A shock wave hits the house like a dozen Peterbilts crashing one after another into the frame. Beams groan, the whole foundation nearly quaking off its shoulder, nails and screws strain to hold their grip, eeking like mice as wood and metal mad grapple to hold their forced embrace.
A new light shines at the far window, painting the ceiling with golden ripples. Reflection. Water. Water is coming. Water is here.”
Hurricane Katrina also makes an appearance, along with Hurricane Rita 26 days later, in Adam Johnson’s tension-filled and sad story, “Hurricanes Anonymous,” which I also liked. (In the Contributors’ Notes, which I often enjoy just as much as the stories for the insights they provide, Johnson is an eerie Nostradamus. He says, “I lived in Lake Charles, Louisiana for three years …. A mixture of lush wetlands and petrochemical plants, the area was both a rare ecological treasure and an apocalypse in progress.”)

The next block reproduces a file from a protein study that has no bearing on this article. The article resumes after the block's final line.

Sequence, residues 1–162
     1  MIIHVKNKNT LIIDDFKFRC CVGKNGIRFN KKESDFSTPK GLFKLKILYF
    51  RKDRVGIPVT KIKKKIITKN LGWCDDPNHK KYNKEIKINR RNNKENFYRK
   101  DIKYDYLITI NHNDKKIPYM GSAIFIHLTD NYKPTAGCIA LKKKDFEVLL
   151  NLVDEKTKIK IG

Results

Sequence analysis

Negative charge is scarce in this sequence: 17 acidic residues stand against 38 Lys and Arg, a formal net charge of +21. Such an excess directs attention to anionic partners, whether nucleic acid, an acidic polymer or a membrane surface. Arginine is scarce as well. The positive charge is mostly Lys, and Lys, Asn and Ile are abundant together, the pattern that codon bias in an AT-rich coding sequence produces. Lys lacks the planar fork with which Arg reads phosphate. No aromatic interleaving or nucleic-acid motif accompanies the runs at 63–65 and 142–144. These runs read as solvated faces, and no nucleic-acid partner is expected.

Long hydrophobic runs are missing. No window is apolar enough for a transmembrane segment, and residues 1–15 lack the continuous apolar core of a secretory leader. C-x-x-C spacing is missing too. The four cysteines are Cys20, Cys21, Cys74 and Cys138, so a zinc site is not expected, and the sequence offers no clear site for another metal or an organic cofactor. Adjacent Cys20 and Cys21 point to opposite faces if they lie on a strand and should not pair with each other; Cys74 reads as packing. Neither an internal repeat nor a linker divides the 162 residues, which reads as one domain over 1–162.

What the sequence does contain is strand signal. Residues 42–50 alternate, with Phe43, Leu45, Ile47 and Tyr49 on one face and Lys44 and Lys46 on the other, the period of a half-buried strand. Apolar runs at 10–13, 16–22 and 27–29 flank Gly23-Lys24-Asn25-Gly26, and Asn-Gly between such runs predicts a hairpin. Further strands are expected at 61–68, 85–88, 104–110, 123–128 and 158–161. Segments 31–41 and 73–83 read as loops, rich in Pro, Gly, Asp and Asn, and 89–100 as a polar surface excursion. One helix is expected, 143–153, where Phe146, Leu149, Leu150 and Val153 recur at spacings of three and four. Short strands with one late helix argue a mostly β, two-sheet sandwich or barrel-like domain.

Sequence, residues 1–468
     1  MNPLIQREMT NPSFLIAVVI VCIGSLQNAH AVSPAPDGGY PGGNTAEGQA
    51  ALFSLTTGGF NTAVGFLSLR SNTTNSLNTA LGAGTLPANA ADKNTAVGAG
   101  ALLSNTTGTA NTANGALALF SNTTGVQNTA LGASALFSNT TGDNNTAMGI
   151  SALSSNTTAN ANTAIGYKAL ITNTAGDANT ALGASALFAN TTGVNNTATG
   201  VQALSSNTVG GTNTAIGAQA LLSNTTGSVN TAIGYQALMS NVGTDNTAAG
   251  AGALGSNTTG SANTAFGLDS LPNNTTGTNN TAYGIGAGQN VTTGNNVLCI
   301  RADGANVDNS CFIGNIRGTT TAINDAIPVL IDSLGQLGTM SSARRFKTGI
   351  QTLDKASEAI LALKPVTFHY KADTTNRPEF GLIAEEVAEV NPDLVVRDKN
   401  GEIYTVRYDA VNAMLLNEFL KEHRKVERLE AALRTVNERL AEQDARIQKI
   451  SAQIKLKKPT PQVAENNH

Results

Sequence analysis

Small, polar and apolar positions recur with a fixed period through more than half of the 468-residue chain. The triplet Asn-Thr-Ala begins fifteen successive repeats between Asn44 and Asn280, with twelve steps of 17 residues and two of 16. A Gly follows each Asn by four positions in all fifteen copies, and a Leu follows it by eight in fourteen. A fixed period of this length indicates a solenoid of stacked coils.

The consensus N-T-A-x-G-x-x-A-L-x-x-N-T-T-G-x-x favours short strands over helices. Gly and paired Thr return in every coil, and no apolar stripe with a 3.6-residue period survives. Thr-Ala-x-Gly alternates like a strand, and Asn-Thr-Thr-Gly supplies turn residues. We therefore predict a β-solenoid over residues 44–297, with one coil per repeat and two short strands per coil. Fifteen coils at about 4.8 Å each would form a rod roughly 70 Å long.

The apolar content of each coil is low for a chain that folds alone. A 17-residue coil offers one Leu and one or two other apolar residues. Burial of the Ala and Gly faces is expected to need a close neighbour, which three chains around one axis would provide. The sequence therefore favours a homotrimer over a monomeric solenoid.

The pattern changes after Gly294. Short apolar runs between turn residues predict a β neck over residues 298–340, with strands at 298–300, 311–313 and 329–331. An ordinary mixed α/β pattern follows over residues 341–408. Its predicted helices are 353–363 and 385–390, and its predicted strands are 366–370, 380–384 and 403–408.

Sarah Shun-Lien Bynam was just named one of The New Yorker’s 20 Under 40 writers, and her story “Yurt,” focusing on the dynamics and inner-lives of a group of middle school teachers (you’ll never think of your 6th grade teacher the same way again) was one of my favorites in this collection. It had me from the first sentence.
“A year ago, Ms. Duffy, the fifth-grade English and history teacher, had come very close to losing it, what with her homeroom being right next to the construction site for the new computer lab, and her attempts to excise the Aztecs from the curriculum being thwarted, and her ill-advised affair with Mr. Polidori coming to an end.”
Joseph Epstein’s story “Beyond the Pale” brings the reader into the lives of two writers, Arnold Berman and Zalman Belzner, and how their encounter leads to a complicated (and dark) triangulation with Mr. Belzner’s wife, Gerda. The details that Epstein gives us in bringing Gerda’s character to life are sharp and vivid, making her seem as real to the reader as if she jumped out from the page.